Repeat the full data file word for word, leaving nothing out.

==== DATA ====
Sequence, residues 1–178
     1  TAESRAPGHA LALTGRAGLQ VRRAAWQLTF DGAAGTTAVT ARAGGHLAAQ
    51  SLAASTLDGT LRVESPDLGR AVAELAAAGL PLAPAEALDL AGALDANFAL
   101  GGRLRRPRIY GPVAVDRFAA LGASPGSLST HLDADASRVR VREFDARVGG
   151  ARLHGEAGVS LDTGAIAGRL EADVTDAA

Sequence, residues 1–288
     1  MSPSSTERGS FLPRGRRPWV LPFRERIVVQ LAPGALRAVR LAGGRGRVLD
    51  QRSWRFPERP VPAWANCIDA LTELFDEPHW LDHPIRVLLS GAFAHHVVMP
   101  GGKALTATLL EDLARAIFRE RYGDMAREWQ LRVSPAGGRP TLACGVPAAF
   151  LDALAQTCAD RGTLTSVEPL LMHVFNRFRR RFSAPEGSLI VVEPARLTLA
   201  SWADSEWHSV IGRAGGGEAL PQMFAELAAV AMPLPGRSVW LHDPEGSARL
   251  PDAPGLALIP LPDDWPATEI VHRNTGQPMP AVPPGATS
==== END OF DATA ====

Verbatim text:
Sequence, residues 1–178
     1  TAESRAPGHA LALTGRAGLQ VRRAAWQLTF DGAAGTTAVT ARAGGHLAAQ
    51  SLAASTLDGT LRVESPDLGR AVAELAAAGL PLAPAEALDL AGALDANFAL
   101  GGRLRRPRIY GPVAVDRFAA LGASPGSLST HLDADASRVR VREFDARVGG
   151  ARLHGEAGVS LDTGAIAGRL EADVTDAA

Sequence, residues 1–288
     1  MSPSSTERGS FLPRGRRPWV LPFRERIVVQ LAPGALRAVR LAGGRGRVLD
    51  QRSWRFPERP VPAWANCIDA LTELFDEPHW LDHPIRVLLS GAFAHHVVMP
   101  GGKALTATLL EDLARAIFRE RYGDMAREWQ LRVSPAGGRP TLACGVPAAF
   151  LDALAQTCAD RGTLTSVEPL LMHVFNRFRR RFSAPEGSLI VVEPARLTLA
   201  SWADSEWHSV IGRAGGGEAL PQMFAELAAV AMPLPGRSVW LHDPEGSARL
   251  PDAPGLALIP LPDDWPATEI VHRNTGQPMP AVPPGATS